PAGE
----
Conferences for Undergraduate Women in Physics
January 12, 2018 to January 14, 2018
Washington, DCMeeting host: By:
Sarah MonkSPS Chapter:
The 2018 Conference for Undergraduate Women in Physics at George Washington University was not the first CUWiP that I’ve attended, but as a graduating senior, it will likely be my last. I was very fortunate to get to experience my final CUWiP at George Washington with an amazing group of women in attendance. I was excited to attend with a group of several other young women from my home institution, The University of Maryland. For most of them it was their first time experiencing the CUWiP, and I was thrilled to see the enthusiasm and empowerment on their faces as we underwent the conference together. The weekend was filled with great experiences for students ranging from graduating seniors down to freshman.
UMD Undergraduates at the GW CUWiP with conference organizer Evie Downie. From left: Melanie Rowland, Ruhi Perez, Stephanie Williams, Mackenzie Carlson, Evie Downie, Junellie Gonzalez-Quiles, Sophie Sarcano, and Sarah Monk
CUWiP at GW kicked off with a tour of the NASA Goddard Space Flight Center before the official opening banquet that evening. The opening banquet was where we first met the conference organizers, who I can tell you, really outdid themselves with a spectacular conference this year. It was a wonderful dinner with heartfelt welcomes from Evie Downie, representing the conference organizing committee, as well as representatives from GW, and APS. My table was lucky enough to have after-dinner speaker Christine Jones, of the Harvard-Smithsonian Center for Astrophysics, seated with us. It was great getting to speak with her in a less formal setting, and hearing about some of her experiences. Those at our table studying astronomy were really excited to learn that she had developed the software used in their astronomy courses.
The next morning we started early, ready for a full day of conference activities. We started off hearing from plenary speak Kawtar Hafidi. Dr. Hafidi is an experimental nuclear physicist and currently serves as director of the Physics Division of Argonne National Labs. We learned of her upbringing in Morocco, her travels all over the world, and how she ended up in her position through hard work and dedication, while balancing a husband and child. Next we had our first panel discussion, “How to battle issues of diversity, bias & intersectionality: mentoring and building a diverse community” which included panelist from different areas of physics, including university faculty, national lab researchers, and an APS representative. For me, this was one of the most impactful sessions at the conference. Getting to hear first hand from these women about how they overcame so many struggles to get where they are really stood out to me. Next we jumped right in to the poster session. It was so great to see so many young women presenting their outstanding research. Later on we also got to celebrate two of our undergrads from UMD who won poster awards, Stephanie Williams for 2nd place, and Junellie Gonzalez-Quiles for 3rd place.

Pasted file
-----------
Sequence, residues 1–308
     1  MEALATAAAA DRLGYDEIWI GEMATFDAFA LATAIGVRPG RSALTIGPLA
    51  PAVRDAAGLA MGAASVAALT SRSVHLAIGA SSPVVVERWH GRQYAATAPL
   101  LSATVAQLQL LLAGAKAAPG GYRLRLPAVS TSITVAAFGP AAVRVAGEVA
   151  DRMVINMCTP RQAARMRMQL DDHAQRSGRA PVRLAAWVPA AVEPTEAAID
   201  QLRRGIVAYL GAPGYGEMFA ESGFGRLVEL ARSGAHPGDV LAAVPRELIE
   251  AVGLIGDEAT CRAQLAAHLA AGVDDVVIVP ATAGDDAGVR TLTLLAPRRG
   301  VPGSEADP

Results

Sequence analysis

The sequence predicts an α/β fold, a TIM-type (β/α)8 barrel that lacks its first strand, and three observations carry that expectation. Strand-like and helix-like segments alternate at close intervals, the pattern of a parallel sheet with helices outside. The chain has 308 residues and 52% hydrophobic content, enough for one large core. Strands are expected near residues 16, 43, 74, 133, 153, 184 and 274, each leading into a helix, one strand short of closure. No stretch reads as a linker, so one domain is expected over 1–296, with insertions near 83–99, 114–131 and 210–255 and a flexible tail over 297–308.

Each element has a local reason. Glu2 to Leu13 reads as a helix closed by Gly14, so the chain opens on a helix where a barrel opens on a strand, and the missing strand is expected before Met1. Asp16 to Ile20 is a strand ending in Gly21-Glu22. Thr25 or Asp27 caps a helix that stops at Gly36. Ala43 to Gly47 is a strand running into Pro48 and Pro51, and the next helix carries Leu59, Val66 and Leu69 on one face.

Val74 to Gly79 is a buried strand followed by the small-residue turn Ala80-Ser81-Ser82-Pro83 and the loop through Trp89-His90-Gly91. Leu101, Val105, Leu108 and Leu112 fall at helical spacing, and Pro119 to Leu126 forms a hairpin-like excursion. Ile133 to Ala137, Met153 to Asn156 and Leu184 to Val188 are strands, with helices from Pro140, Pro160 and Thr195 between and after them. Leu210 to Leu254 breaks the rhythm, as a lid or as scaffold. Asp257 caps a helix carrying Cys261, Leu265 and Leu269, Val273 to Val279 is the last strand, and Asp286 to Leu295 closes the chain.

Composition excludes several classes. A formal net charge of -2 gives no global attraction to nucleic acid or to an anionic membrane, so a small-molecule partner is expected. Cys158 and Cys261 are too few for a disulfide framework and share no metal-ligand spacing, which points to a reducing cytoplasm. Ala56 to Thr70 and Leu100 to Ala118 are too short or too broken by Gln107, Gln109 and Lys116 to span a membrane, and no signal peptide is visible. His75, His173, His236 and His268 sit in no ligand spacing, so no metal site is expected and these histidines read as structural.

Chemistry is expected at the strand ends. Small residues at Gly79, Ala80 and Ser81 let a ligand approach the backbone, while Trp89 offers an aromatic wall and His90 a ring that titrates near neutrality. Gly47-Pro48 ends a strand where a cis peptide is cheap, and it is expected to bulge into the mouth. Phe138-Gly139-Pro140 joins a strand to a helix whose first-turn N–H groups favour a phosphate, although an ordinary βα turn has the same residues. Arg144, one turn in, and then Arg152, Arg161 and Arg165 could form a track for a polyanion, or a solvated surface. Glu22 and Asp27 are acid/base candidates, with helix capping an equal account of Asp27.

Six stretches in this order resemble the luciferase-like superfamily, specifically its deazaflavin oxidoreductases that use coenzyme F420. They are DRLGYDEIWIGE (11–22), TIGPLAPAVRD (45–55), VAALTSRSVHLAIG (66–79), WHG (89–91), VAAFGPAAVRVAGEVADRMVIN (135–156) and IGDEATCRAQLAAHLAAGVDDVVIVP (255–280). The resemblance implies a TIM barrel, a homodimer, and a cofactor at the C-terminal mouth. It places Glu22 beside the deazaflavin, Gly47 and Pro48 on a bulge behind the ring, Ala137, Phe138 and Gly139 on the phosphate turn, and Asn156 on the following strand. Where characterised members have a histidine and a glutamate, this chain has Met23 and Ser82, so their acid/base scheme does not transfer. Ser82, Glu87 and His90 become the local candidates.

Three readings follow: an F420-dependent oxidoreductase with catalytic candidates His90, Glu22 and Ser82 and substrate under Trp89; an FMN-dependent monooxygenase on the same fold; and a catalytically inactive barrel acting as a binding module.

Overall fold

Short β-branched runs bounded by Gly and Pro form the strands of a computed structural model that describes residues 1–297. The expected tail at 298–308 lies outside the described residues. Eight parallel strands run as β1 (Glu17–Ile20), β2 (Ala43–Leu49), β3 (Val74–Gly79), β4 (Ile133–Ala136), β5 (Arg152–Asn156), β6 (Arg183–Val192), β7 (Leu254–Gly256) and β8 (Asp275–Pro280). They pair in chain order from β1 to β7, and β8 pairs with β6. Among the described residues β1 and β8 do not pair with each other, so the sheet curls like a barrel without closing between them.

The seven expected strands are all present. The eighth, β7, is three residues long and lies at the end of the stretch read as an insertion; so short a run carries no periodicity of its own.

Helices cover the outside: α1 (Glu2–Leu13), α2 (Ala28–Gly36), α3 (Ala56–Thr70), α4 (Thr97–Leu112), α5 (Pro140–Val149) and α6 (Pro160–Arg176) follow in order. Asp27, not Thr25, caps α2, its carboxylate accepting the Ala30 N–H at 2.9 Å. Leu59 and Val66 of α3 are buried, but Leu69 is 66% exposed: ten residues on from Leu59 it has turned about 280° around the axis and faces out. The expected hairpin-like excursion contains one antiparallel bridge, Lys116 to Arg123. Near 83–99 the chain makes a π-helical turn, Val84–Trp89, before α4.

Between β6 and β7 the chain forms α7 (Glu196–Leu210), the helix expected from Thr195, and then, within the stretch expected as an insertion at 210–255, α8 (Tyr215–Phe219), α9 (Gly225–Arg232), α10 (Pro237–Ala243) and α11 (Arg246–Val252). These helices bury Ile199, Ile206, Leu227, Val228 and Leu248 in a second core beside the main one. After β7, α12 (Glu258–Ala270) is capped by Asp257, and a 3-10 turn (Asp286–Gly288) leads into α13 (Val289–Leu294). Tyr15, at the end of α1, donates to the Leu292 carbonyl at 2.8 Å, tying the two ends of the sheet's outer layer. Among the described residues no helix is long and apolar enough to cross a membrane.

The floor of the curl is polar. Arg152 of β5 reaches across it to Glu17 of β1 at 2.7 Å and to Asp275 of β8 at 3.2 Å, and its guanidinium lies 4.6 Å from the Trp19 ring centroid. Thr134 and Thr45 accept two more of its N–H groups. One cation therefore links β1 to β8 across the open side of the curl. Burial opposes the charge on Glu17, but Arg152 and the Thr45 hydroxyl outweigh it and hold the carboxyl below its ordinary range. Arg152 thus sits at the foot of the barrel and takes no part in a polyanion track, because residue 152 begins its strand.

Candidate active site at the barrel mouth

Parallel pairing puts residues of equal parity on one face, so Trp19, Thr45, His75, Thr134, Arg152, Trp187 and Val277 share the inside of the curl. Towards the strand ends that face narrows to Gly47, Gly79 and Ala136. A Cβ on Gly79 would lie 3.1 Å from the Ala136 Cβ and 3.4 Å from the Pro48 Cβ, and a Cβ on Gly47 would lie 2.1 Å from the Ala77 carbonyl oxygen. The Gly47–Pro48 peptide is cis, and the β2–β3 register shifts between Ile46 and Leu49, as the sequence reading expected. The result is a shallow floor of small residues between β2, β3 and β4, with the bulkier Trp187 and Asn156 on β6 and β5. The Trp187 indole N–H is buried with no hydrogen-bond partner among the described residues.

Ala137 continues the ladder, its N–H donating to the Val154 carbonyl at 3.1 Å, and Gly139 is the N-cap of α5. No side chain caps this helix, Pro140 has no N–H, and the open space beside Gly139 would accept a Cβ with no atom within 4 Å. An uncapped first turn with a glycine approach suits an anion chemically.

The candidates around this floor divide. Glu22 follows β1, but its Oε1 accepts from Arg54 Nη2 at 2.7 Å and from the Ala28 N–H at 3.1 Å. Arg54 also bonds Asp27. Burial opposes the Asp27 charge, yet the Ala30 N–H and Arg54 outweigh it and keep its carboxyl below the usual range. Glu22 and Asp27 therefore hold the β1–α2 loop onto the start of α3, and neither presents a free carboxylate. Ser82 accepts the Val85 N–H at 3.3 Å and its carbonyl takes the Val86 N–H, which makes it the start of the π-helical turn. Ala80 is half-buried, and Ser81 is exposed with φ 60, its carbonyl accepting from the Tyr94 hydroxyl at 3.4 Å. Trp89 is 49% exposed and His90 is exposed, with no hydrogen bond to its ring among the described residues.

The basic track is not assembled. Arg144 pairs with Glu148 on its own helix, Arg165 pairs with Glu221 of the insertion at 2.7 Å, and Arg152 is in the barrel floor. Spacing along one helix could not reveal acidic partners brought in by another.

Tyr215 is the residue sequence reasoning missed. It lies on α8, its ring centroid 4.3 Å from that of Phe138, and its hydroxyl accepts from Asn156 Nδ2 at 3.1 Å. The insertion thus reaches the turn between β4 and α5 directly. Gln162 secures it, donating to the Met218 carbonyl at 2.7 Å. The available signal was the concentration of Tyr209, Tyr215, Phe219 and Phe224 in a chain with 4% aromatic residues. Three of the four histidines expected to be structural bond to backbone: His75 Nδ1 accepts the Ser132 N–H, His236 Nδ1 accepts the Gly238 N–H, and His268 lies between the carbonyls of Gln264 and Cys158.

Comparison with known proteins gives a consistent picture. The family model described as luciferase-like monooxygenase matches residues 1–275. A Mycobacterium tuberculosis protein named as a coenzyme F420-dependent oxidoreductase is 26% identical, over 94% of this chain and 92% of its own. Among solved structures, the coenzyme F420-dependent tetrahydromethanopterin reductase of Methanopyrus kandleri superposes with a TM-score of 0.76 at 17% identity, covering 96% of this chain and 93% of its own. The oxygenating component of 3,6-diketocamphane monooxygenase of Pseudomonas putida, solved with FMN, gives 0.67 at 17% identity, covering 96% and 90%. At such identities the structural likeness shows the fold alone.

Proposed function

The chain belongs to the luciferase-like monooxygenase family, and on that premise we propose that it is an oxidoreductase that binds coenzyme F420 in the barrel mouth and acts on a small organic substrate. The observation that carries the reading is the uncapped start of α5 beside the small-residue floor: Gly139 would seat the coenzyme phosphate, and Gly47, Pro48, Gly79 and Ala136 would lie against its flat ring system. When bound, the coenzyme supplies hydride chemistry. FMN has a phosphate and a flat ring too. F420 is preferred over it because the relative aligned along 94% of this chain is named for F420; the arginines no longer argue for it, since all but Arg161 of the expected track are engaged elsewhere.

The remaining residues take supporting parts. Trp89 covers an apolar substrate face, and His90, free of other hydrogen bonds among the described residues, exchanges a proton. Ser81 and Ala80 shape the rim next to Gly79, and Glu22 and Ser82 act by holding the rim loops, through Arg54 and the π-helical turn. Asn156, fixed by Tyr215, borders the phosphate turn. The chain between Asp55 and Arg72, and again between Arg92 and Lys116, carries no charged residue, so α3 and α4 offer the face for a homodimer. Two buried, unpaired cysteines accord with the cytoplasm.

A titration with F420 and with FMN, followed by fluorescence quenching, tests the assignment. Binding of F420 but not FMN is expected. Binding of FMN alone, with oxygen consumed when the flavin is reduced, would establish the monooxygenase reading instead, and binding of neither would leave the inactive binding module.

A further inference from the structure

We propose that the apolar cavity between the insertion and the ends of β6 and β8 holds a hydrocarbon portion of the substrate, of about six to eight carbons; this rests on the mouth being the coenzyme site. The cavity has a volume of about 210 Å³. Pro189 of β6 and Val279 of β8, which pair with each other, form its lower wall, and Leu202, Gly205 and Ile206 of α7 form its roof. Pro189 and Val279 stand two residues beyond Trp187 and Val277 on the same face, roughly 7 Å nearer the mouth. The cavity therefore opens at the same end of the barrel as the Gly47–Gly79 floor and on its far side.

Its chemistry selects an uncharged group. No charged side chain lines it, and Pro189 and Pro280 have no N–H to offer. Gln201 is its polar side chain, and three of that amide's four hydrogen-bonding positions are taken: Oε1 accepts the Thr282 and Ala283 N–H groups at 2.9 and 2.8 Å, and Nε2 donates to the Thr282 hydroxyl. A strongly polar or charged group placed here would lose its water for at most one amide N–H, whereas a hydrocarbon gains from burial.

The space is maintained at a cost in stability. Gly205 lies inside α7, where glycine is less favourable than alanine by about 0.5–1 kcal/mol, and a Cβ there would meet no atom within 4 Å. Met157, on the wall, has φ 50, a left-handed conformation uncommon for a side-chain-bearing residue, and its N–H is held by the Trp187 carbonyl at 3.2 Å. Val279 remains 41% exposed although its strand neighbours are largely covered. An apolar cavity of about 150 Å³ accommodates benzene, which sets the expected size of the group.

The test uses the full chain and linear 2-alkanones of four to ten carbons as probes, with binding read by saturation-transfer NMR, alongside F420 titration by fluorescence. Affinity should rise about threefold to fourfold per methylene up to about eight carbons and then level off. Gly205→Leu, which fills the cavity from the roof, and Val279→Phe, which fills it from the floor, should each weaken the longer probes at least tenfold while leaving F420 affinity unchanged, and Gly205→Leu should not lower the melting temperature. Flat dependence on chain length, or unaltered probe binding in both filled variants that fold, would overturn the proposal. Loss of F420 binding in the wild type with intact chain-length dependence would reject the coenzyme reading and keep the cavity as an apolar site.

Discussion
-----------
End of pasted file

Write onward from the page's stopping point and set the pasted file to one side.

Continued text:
Much of the rest of the afternoon was spent with parallel panels and workshops, with choices from applying to jobs in academia, industry, or education, and student success in college via study strategy, internships, or career development. I was disappointed I couldn’t attend all the different panels and workshops, but those I did attend were very helpful and insightful. I commend GW on the wide range of careers and pathways they drew attention to. It’s refreshing to see focus not solely on academic paths, and to know that whatever we want to do as a physicist, we have those options. That afternoon we also enjoyed APS Keynote Speaker, Dr. Patricia Burchat from the Physics Department at Stanford University. She has an inspiring story as a “first-gen” high school graduate who has risen to the top of her field in experimental particle physics and cosmology. We wrapped up sessions before dinner with an entertaining outreach fair led by Gary White, a faculty member at GW who specializes in Physics Education, and the local Society of Physics Students chapter, which gave everyone the chance to have fun and unwind a bit with some physics demos and games. We closed the day after dinner with Physics Jeopardy before everyone headed back to the hotel, exhausted after a fun-filled day.
Our final day at CUWiP started off with a plenary talk by Nancy Jo Nicholas, Principal Associate Director for Global Security for Los Alamos National Laboratory before we got into more parallel workshops and panels. Today’s sessions were focused on life as a physicist, and included panel discussions of life in graduate school and managing work/life balance, as well as workshops on LGBTQ+ experiences and health and self-care. Again, everything sounded wonderful and I was sorry not to be able to attend them all. Our final plenary speaker of the conference was Dr. Luz Martinez-Miranda, who I was excited to see there from my home institution, University of Maryland. She shared some of her research on x-ray scattering techniques of liquid crystal and other materials that she does in the UMD Materials Sciences Department.
Finally our CUWiP was coming to a close. After closing remarks from Evie Downie, we all said our heartfelt thank yous and goodbyes for an extraordinary conference. Attending the CUWiPs has truly been one of my favorite events in my academic career. I hope that every young woman entering the field gets the chance to experience the camaraderie, solidarity, and empowerment that goes along with it.